What I’m getting at with all this is that just from that one book, you can see how much of an understanding Hama has of comics and how they work, and that’s not even factoring in his experience as an editor. There’s a craftsmanship there that’s impossible to deny and equally impossible not to respect. And yet, he managed to produce a strong contender for the worst Batman run of the 21st century so far.
What’s really weird about it is that when Hama arrives on Batman, fresh from a short stint on Wolverine that’s about as memorable as every other late ’90s run on Wolverine’s solo title, it’s in the middle of a creative renaissance for that entire corner of the DC Universe.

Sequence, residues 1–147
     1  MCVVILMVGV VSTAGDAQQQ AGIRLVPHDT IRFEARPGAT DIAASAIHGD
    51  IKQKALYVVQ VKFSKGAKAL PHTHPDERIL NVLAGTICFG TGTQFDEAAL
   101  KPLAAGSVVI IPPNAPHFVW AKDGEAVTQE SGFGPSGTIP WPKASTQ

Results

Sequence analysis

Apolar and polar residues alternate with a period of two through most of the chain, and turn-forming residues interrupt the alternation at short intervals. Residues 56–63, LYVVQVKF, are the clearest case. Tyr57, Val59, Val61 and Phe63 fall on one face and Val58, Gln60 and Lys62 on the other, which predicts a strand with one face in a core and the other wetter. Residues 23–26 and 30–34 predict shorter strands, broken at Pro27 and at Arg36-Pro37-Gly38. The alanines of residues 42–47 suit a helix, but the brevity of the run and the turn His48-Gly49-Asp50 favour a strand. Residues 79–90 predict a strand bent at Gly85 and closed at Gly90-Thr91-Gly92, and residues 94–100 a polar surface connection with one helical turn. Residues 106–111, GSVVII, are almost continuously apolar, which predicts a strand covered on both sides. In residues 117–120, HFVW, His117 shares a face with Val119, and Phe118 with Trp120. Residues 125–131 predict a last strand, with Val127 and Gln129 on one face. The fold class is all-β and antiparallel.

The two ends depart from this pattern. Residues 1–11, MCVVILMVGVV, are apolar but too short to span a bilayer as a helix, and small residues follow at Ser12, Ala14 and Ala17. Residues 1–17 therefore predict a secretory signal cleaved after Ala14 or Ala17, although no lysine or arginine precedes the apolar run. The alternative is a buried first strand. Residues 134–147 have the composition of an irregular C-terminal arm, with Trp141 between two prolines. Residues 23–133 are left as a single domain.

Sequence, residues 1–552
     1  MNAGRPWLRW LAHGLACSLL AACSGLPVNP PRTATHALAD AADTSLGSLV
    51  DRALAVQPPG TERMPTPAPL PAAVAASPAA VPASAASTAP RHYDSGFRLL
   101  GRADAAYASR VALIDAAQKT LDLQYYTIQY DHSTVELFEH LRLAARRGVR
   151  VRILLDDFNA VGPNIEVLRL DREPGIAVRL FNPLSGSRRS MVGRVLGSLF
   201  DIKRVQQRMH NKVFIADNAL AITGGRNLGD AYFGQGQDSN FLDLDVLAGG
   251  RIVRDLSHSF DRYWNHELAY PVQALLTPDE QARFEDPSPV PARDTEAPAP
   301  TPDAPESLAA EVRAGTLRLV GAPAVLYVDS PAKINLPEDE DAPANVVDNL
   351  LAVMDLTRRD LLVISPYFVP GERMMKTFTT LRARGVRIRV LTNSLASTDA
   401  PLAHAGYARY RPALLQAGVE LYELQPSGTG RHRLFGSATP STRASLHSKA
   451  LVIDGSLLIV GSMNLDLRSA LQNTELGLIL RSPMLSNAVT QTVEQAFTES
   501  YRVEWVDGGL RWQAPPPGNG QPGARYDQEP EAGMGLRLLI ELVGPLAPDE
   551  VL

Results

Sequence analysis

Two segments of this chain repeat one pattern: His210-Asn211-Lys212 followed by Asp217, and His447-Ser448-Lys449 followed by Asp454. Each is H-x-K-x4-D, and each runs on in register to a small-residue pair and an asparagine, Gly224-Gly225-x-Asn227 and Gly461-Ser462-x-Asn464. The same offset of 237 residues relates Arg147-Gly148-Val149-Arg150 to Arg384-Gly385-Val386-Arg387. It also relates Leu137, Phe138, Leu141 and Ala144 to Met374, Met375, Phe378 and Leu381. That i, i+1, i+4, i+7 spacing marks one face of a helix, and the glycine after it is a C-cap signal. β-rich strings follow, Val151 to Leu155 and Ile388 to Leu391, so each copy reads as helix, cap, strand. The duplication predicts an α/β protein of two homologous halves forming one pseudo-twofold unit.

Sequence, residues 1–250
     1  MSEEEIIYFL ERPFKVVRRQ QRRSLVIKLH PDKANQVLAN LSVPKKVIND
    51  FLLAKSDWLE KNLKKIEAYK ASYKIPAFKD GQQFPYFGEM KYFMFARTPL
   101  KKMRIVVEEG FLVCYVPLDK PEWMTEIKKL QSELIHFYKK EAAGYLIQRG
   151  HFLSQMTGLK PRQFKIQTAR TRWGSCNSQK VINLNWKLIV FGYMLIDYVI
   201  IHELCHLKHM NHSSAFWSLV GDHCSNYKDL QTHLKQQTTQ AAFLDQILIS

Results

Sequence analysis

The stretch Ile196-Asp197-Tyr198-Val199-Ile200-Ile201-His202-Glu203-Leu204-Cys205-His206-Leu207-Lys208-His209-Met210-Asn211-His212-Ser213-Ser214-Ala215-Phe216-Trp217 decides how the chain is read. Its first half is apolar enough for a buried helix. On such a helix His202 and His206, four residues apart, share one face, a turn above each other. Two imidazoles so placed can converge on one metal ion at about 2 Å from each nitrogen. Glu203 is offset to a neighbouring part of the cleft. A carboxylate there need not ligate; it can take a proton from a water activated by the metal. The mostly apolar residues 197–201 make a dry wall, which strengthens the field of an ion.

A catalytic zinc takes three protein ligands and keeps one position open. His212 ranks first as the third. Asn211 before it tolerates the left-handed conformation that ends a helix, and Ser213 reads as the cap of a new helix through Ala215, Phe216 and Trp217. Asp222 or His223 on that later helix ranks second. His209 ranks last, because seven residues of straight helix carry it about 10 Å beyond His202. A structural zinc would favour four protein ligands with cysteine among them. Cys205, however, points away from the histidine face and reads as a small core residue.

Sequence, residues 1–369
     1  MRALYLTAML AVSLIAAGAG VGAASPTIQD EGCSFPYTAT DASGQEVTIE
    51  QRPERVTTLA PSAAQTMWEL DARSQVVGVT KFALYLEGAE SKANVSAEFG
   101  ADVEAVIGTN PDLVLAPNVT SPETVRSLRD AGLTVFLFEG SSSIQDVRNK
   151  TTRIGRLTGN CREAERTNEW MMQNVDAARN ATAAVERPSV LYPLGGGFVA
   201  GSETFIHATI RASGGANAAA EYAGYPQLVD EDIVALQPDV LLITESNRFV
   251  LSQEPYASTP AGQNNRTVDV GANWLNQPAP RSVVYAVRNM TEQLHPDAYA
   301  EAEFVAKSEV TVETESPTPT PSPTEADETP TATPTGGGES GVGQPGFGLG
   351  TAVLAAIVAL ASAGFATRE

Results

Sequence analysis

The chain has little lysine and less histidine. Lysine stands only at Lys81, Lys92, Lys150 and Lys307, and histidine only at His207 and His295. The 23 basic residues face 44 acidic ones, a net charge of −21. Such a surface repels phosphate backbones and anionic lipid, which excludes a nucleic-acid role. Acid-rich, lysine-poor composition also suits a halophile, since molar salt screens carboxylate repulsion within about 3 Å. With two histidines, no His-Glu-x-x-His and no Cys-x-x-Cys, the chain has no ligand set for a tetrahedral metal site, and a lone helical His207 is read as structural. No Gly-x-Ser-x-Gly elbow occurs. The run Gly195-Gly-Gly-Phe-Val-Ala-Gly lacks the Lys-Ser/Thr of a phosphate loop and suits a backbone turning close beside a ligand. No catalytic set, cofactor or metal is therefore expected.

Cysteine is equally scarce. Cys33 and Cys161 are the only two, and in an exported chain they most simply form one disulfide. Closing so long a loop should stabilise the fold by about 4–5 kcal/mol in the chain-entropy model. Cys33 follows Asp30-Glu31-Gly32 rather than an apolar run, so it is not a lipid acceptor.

Since Knightfall, the Batman books had spent most of the ’90s bouncing around from one long, convoluted crossover to another, eventually dragging themselves through Contagion and Legacy, the stories whose primary purpose was to make readers question why literally anyone would set foot in Gotham City. The idea of linking the Bat-books together into one single meta-story had pretty much come to its logical end with No Man’s Land. NML, which was actualliy the start of bringing a lot of fresh talent into the Batman books and letting them play with the weird, fun, completely nonsensical idea of Postapocalyptic Batman, told a single story 52-part story that was out every single week for an entire year, plus a dozen additional tie-ins and specials. You really can’t get any bigger or more interconnected than a story that would occasionally include maps of Gotham City shaded to represent the different turf wars that were raging among Gotham’s gangs.